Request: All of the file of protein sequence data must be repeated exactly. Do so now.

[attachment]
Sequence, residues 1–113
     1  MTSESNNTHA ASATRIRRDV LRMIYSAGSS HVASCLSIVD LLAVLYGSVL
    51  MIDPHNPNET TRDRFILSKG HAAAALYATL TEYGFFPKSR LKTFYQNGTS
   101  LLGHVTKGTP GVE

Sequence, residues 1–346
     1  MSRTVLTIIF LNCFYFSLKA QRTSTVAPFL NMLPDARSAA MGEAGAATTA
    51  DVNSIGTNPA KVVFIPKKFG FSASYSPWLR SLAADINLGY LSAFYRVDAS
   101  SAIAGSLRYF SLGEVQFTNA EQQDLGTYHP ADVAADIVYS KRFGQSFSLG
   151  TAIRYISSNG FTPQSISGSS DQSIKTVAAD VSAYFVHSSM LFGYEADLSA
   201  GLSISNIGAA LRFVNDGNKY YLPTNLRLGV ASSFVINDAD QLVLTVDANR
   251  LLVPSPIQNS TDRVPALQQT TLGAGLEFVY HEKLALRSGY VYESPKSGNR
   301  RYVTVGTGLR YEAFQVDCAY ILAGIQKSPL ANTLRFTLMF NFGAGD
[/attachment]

Sequence, residues 1–113
     1  MTSESNNTHA ASATRIRRDV LRMIYSAGSS HVASCLSIVD LLAVLYGSVL
    51  MIDPHNPNET TRDRFILSKG HAAAALYATL TEYGFFPKSR LKTFYQNGTS
   101  LLGHVTKGTP GVE

Sequence, residues 1–346
     1  MSRTVLTIIF LNCFYFSLKA QRTSTVAPFL NMLPDARSAA MGEAGAATTA
    51  DVNSIGTNPA KVVFIPKKFG FSASYSPWLR SLAADINLGY LSAFYRVDAS
   101  SAIAGSLRYF SLGEVQFTNA EQQDLGTYHP ADVAADIVYS KRFGQSFSLG
   151  TAIRYISSNG FTPQSISGSS DQSIKTVAAD VSAYFVHSSM LFGYEADLSA
   201  GLSISNIGAA LRFVNDGNKY YLPTNLRLGV ASSFVINDAD QLVLTVDANR
   251  LLVPSPIQNS TDRVPALQQT TLGAGLEFVY HEKLALRSGY VYESPKSGNR
   301  RYVTVGTGLR YEAFQVDCAY ILAGIQKSPL ANTLRFTLMF NFGAGD